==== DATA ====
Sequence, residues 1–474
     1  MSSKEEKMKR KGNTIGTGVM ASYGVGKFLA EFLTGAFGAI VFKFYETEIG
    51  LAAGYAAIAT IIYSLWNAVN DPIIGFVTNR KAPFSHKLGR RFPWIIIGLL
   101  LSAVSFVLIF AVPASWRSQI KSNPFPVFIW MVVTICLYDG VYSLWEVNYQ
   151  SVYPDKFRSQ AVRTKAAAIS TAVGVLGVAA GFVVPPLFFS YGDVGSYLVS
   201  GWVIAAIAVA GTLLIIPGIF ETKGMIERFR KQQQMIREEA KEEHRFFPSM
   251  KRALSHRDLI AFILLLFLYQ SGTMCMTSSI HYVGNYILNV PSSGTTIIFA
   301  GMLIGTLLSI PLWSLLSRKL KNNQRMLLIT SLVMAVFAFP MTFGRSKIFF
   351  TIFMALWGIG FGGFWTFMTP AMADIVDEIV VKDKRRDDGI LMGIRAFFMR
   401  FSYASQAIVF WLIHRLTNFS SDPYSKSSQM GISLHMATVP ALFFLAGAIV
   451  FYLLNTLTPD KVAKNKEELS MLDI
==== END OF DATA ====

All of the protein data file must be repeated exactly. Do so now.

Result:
Sequence, residues 1–474
     1  MSSKEEKMKR KGNTIGTGVM ASYGVGKFLA EFLTGAFGAI VFKFYETEIG
    51  LAAGYAAIAT IIYSLWNAVN DPIIGFVTNR KAPFSHKLGR RFPWIIIGLL
   101  LSAVSFVLIF AVPASWRSQI KSNPFPVFIW MVVTICLYDG VYSLWEVNYQ
   151  SVYPDKFRSQ AVRTKAAAIS TAVGVLGVAA GFVVPPLFFS YGDVGSYLVS
   201  GWVIAAIAVA GTLLIIPGIF ETKGMIERFR KQQQMIREEA KEEHRFFPSM
   251  KRALSHRDLI AFILLLFLYQ SGTMCMTSSI HYVGNYILNV PSSGTTIIFA
   301  GMLIGTLLSI PLWSLLSRKL KNNQRMLLIT SLVMAVFAFP MTFGRSKIFF
   351  TIFMALWGIG FGGFWTFMTP AMADIVDEIV VKDKRRDDGI LMGIRAFFMR
   401  FSYASQAIVF WLIHRLTNFS SDPYSKSSQM GISLHMATVP ALFFLAGAIV
   451  FYLLNTLTPD KVAKNKEELS MLDI